In spite of the threatening circumstances, Jesus spoke with calm assurance of the divine provision for them and took for granted that they would have a place in the eternal world. Jesus never speculated about a future life; he spoke as one who was as familiar with eternity as one is with his hometown…The purpose of his departure was to make ready the place where he could welcome them permanently (Merrill C. Tenney in The Expositor’s Bible Commentary: Volume 9 143).
Who do you want to see in heaven? Maybe like Eben Alexander, it’s your sister. Or maybe it’s your father. In the title track of his 2003 album, Dance with My Father the legendary singer Luther Vandross wrote about his late father:
Back when I was a child
Before life removed all the innocence
My father would lift me high
And dance with my mother and me
And then spin me around till I fell asleep
Then up the stairs he would carry me
And I knew for sure I was loved
If I could get another chance, another walk, another dance with him
I’d play a song that would never ever end
How I’d love, love, love to dance with my father again
Luther Vandross had his wish fulfilled two years after this album was released when he joined his father in heaven.
“Believe in God, believe also in me.” “Trust in God, trust also in me.” Jesus’ words to his disciples at the Last Supper are his words to you today. In his incarnation Jesus entered fully into the world “with all its tragedies and cares” and in his passion and death the day after the Last Supper he atoned for the sins of the world.
And in Luke’s account of the gospel Jesus’ final words were words of belief, of trust in his Heavenly Father—“Father, into your hands I commend my spirit” (Luke 23:46). This is a direct quote from Psalm 31 in which the psalmist wrote, “Into your hands I commend my spirit, for you have redeemed me, O Lord, O God of truth” (Psalm 31:5, The Book of Common Prayer 622). The God of truth into whose hands Jesus commended his spirit is the same God of truth who has redeemed you—so you can believe in him, you can trust in him.
Back to the Cadigan-Scott family…The eight siblings, riding in a stretch limousine, return home from Disney to find thousands of Livermore citizens welcoming them home. There are neon-colored poster board signs with their names on them, and other signs too—“Welcome Home!” or “Home Sweet Home!” or “Dreams Come True!” “I never could have imagined that there would been that many people,” Jennifer, the oldest, says. Her sister Kelli adds, “You know I never thought anything like this was going to happen. It just changed my life.”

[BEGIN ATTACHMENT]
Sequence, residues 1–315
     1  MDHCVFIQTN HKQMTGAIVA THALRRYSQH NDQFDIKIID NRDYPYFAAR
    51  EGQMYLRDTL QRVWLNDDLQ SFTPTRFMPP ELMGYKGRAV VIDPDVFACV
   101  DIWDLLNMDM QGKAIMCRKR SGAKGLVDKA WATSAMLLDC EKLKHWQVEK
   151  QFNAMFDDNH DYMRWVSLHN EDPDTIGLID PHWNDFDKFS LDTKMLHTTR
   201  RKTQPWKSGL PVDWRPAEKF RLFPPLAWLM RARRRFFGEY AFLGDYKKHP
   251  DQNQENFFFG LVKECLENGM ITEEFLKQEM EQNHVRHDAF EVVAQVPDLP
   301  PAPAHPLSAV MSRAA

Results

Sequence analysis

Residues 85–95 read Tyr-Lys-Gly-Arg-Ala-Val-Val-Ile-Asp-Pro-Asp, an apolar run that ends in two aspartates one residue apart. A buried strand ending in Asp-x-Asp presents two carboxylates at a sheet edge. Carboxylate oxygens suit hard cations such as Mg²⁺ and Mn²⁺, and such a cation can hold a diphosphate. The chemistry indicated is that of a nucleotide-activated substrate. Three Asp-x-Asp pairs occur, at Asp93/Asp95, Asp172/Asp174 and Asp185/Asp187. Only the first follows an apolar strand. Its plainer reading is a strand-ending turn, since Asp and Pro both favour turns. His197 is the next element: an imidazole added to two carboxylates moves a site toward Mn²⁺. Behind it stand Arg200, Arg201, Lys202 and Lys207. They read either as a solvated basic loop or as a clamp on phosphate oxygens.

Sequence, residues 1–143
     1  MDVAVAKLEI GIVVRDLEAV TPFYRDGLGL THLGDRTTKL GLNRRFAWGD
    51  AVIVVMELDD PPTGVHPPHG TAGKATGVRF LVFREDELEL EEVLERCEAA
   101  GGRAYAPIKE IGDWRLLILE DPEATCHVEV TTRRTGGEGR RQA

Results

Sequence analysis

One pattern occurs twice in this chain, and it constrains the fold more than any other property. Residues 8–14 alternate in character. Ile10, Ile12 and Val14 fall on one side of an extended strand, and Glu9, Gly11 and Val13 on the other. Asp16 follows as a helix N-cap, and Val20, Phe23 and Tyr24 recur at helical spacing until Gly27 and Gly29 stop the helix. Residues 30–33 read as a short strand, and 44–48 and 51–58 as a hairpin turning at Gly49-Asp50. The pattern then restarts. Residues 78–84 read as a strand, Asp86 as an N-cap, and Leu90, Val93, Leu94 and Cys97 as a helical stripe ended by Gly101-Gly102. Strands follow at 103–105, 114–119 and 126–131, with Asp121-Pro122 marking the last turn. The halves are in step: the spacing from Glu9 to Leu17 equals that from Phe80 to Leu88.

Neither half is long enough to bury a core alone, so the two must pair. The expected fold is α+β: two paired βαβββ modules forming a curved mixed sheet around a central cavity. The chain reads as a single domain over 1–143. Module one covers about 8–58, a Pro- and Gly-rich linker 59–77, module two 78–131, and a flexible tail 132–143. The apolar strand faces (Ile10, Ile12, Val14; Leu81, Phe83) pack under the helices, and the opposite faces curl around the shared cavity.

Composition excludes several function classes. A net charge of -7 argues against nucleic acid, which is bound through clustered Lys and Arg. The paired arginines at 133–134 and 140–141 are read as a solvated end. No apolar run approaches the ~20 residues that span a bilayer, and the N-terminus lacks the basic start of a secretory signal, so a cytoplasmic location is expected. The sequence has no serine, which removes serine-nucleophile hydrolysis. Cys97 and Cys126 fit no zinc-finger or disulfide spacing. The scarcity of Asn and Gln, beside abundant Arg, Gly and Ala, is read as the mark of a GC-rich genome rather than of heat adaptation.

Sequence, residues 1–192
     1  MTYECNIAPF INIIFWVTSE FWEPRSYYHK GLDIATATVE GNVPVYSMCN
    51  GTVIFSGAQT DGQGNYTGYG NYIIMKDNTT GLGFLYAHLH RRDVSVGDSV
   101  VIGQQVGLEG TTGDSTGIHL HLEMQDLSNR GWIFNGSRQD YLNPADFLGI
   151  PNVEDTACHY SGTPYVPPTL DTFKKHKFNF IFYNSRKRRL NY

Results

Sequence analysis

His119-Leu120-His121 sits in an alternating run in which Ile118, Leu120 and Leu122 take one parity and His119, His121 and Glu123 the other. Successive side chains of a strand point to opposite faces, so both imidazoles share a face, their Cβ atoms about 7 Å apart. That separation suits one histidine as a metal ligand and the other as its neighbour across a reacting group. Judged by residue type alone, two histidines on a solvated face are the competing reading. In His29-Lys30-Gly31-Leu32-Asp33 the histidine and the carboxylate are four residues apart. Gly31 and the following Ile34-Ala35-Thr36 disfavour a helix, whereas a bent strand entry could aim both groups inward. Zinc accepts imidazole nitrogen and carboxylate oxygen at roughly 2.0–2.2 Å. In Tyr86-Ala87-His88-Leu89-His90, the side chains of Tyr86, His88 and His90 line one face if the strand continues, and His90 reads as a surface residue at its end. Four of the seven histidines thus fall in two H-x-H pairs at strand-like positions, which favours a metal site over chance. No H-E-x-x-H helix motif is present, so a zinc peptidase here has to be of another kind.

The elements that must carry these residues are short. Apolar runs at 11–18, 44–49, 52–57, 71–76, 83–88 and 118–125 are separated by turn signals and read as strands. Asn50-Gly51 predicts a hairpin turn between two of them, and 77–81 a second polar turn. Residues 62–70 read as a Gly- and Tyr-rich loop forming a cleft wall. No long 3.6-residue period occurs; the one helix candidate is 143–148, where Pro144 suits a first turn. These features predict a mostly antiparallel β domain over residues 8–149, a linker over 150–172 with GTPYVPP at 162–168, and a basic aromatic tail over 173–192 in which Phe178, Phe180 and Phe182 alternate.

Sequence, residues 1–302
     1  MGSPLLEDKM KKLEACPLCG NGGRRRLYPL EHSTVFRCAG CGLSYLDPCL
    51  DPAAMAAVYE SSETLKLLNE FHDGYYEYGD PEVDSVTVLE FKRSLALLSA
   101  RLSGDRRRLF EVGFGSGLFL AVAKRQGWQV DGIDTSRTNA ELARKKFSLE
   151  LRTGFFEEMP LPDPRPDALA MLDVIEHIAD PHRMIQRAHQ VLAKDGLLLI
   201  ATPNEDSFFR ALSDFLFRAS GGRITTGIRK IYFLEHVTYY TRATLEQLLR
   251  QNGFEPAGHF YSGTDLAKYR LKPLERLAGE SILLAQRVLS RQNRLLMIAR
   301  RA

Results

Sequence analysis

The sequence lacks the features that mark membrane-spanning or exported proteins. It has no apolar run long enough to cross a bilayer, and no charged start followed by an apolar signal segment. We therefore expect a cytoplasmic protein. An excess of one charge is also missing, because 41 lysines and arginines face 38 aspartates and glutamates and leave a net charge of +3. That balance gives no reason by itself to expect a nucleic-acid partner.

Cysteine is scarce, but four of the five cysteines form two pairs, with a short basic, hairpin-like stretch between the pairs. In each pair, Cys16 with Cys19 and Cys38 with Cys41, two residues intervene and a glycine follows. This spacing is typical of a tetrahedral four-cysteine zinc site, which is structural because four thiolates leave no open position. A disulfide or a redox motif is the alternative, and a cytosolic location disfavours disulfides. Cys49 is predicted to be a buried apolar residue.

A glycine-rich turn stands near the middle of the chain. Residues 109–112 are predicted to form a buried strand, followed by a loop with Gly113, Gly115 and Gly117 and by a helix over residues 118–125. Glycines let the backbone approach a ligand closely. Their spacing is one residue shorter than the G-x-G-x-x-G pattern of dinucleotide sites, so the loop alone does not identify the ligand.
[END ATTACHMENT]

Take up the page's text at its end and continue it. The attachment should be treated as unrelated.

The kids take their position behind the charter bus that is blocking their view of their new home. “So did you guys have a good time at Disney World?” Pennington asks. The siblings grin and nod yes. “As you can see,” Pennington continues, “The town of Livermore has gathered and has been out here supporting us the entire time. Are you guys ready to see your new house?” The kids are clapping and yelling, “Yeah!” “Bus driver,” Pennington cries, “hit it!” The bus pulls away and the Cadigan-Scott siblings see their gorgeous new home for the first time—complete with new driveway, landscaped yard, the works.
And rushing out of the house, with open arms and smiling faces, come the design team to welcome them to their new home—happy hugs galore. As they gather at the front door Pennington says, “Alright, guys, this is the big moment. When you walk through that door, it’s going to be a whole new beginning.”
The kids enter their new beautiful home. There is a stunning kitchen, a new dining table that comfortably sits everyone. Then each and every kid walks into their respective new bedroom, which reflects their favorite colors and interests. “This is so beautiful,” one sister says while sobbing with joy on her new bed, “I live here.”
The son, who is an avid guitarist, walks into his new bedroom and sees electric guitars hanging on his walls. One wall is literally an amp with multiple speakers into which he can plug his new guitars and jam. One sister says, “Every room fits every person exactly. All the designers (were) right on the money.” The new backyard features a pool and fire pit, and even a mini-golf course.
And, representing their deceased parents, there are two doves painted on a light fixture on the ceiling in the foyer, and two newly planted redwood trees in the backyard. “For us to see two doves when we walk in and two trees when we walk out,” one daughter says, “is a good reminder they’re looking down on us.”
Finally the kids are told that everything has been paid for. They are given the mortgage to the house and they throw it into the fire pit. Then they all jump for joy into the pool and celebrate. Jennifer simply reflects, “This is more than any of us kids could have every asked for…thank you” (Season 1, Episode 12).
The Risen Jesus—who knows you better than you know yourself, forgives you more than you forgive yourself, and loves you more than you love yourself—has prepared a special place for you in heaven, where “every room fits every person exactly.” And when your days in this world, “with all its tragedies and cares,” are over, Jesus himself, “radiating love and kindness,” will take you to be with him in that special place in heaven—where you will be greeted by many open arms and smiling faces and given “another chance, another walk, another dance” with your Heavenly Father, where you will walk through the door to a whole new beginning, where for all eternity you will know for sure you are loved.